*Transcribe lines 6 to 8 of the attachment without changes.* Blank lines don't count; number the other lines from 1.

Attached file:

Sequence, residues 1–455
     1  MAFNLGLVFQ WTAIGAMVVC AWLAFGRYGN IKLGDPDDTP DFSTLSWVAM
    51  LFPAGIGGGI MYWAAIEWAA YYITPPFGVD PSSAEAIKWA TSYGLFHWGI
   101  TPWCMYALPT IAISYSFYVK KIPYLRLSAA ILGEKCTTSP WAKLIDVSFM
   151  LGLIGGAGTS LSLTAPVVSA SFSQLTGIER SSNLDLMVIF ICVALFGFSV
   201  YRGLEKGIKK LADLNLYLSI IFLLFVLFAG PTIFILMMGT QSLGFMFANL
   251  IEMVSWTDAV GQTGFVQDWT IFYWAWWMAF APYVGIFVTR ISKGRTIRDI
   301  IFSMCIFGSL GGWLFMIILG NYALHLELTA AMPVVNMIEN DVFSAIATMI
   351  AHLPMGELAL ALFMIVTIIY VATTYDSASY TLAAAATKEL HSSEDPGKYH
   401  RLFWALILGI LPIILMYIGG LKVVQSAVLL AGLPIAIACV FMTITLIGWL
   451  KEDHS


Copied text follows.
   201  YRGLEKGIKK LADLNLYLSI IFLLFVLFAG PTIFILMMGT QSLGFMFANL
   251  IEMVSWTDAV GQTGFVQDWT IFYWAWWMAF APYVGIFVTR ISKGRTIRDI
   301  IFSMCIFGSL GGWLFMIILG NYALHLELTA AMPVVNMIEN DVFSAIATMI